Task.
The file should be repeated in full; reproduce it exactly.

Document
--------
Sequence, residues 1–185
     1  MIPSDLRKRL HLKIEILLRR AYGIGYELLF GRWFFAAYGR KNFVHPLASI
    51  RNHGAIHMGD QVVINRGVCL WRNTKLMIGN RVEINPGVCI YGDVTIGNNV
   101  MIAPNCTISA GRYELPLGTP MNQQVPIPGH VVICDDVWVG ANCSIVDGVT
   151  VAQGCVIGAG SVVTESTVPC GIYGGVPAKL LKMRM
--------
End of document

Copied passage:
Sequence, residues 1–185
     1  MIPSDLRKRL HLKIEILLRR AYGIGYELLF GRWFFAAYGR KNFVHPLASI
    51  RNHGAIHMGD QVVINRGVCL WRNTKLMIGN RVEINPGVCI YGDVTIGNNV
   101  MIAPNCTISA GRYELPLGTP MNQQVPIPGH VVICDDVWVG ANCSIVDGVT
   151  VAQGCVIGAG SVVTESTVPC GIYGGVPAKL LKMRM